In an update on the multistate outbreak of E. coli O157:H7 infections linked to romaine lettuce, federal health officials report an additional 25 cases, bringing the total to 197 ill people from 35 states.
States reporting double digit number of cases include California (45), Pennsylvania (24), Minnesota (12), Idaho (11) and New York (10).
Eight-nine people out of 187 with available information (48%) have been hospitalized, including 26 who developed a type of kidney failure called hemolytic uremic syndrome.
Sadly, four more deaths were reported, bringing the total to five deaths from Arkansas (1), California (1), Minnesota (2), and New York (1).
Romaine lettuce from the Yuma growing region is past its shelf life and is likely no longer being sold in stores or served in restaurants.
According to the U.S. Food and Drug Administration, the last shipments of romaine lettuce from the Yuma growing region were harvested on April 16, 2018 and the harvest season is over.
The latest reported illness started on May 12, 2018. Most of the newly reported cases are people who became sick two to three weeks ago, still within the window when contaminated romaine was available for sale. Some people who became sick did not report eating romaine lettuce, but had close contact with someone else who got sick from eating romaine lettuce.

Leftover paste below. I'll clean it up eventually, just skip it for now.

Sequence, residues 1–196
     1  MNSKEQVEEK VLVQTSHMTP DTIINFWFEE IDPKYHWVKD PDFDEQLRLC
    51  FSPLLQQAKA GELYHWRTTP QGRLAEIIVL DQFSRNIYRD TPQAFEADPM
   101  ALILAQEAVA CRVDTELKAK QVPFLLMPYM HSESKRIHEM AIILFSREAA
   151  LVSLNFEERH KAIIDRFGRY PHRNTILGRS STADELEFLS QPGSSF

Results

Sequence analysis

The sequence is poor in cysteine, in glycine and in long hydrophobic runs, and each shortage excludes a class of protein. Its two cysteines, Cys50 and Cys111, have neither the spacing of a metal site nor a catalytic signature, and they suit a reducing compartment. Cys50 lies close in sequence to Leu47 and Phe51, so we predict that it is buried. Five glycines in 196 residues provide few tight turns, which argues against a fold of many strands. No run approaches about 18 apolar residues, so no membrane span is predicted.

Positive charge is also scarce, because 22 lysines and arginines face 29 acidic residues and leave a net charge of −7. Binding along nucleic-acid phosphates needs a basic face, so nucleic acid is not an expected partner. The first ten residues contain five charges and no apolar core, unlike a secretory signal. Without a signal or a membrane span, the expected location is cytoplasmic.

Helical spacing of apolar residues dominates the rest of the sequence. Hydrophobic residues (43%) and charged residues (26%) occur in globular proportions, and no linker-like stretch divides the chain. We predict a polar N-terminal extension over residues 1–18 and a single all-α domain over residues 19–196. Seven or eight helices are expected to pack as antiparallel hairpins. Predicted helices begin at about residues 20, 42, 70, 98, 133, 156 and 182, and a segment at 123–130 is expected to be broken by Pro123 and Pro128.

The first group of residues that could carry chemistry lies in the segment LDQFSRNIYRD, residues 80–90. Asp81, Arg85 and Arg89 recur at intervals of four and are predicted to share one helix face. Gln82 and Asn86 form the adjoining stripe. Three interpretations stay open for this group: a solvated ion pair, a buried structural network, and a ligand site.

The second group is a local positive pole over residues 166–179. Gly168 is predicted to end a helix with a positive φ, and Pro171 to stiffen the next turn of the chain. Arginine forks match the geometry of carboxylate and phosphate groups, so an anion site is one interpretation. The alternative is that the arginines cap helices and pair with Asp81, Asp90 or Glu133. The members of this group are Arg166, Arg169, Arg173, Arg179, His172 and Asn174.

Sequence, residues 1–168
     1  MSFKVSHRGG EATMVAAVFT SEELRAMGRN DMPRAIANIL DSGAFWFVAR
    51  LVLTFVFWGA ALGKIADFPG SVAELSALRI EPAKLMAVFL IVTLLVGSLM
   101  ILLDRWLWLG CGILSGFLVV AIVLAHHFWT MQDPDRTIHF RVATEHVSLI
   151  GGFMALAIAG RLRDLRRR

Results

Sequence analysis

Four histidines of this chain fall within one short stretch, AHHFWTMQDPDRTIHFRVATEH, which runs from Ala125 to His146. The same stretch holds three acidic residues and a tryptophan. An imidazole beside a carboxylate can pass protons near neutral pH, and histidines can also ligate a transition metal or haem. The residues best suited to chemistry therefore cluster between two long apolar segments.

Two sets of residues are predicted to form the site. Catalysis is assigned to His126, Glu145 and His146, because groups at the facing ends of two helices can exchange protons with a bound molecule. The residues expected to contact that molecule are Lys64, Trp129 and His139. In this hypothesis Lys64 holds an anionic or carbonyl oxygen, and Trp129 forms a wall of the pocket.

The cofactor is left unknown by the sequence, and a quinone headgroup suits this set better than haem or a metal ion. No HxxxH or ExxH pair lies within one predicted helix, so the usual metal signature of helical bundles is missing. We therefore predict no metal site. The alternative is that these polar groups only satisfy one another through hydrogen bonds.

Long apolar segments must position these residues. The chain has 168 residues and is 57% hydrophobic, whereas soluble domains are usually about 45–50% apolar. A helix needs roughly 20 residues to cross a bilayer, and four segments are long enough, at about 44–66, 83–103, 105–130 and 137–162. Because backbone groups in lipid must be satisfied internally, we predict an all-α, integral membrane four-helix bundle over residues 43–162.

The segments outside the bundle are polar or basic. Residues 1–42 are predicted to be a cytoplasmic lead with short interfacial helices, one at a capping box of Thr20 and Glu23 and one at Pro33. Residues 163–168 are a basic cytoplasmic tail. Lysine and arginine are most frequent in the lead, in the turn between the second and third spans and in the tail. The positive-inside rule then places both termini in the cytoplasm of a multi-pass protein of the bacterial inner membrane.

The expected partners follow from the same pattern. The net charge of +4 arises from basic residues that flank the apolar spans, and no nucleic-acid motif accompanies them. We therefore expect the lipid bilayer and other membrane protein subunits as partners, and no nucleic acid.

In a post by FDA Commissioner Scott Gottlieb, M.D. and the FDA’s Deputy Commissioner for Foods and Veterinary Medicine, Stephen Ostroff, M.D. Thursday they write:
Any contaminated product from the Yuma growing region has already worked its way through the food supply and is no longer available for consumption. So any immediate risk is gone.
Concerning the investigation they write:
Traceback pathways lead back to different farms, sometimes many farms, where possibly contaminated lettuce could have been harvested during the timeframe of interest. The only point of commonality in our traceback efforts to date is that all of the farms are located in the Yuma growing region. This region is where a large portion of the romaine lettuce supply in the United States comes from during the winter months.
If the explanation was as simple as a single farm, or a single processor or distributor, we would have already figured that out. The traceback diagram does show us that the contamination with E. coli O157:H7 was unlikely to have happened near the end of the supply chain (such as at a distributor) because there are no common distributors among the places that received and sold or served contaminated lettuce. The contamination likely happened at, or close to, the Yuma growing area.
We are actively evaluating a number of theories about how romaine lettuce grown on multiple farms in the same growing region could have become contaminated around the same time. It’s possible that contamination occurred on multiple farms at once, through some sort of environmental contamination (e.g., irrigation water, air/dust, water used for pesticide application, animal encroachment). Another possibility is that it happened just after the lettuce left the farm. We are examining all possibilities and as we investigate we learn more about a potential common source we will communicate this information with growers and consumers. But the source and mode of contamination may remain difficult to identify.
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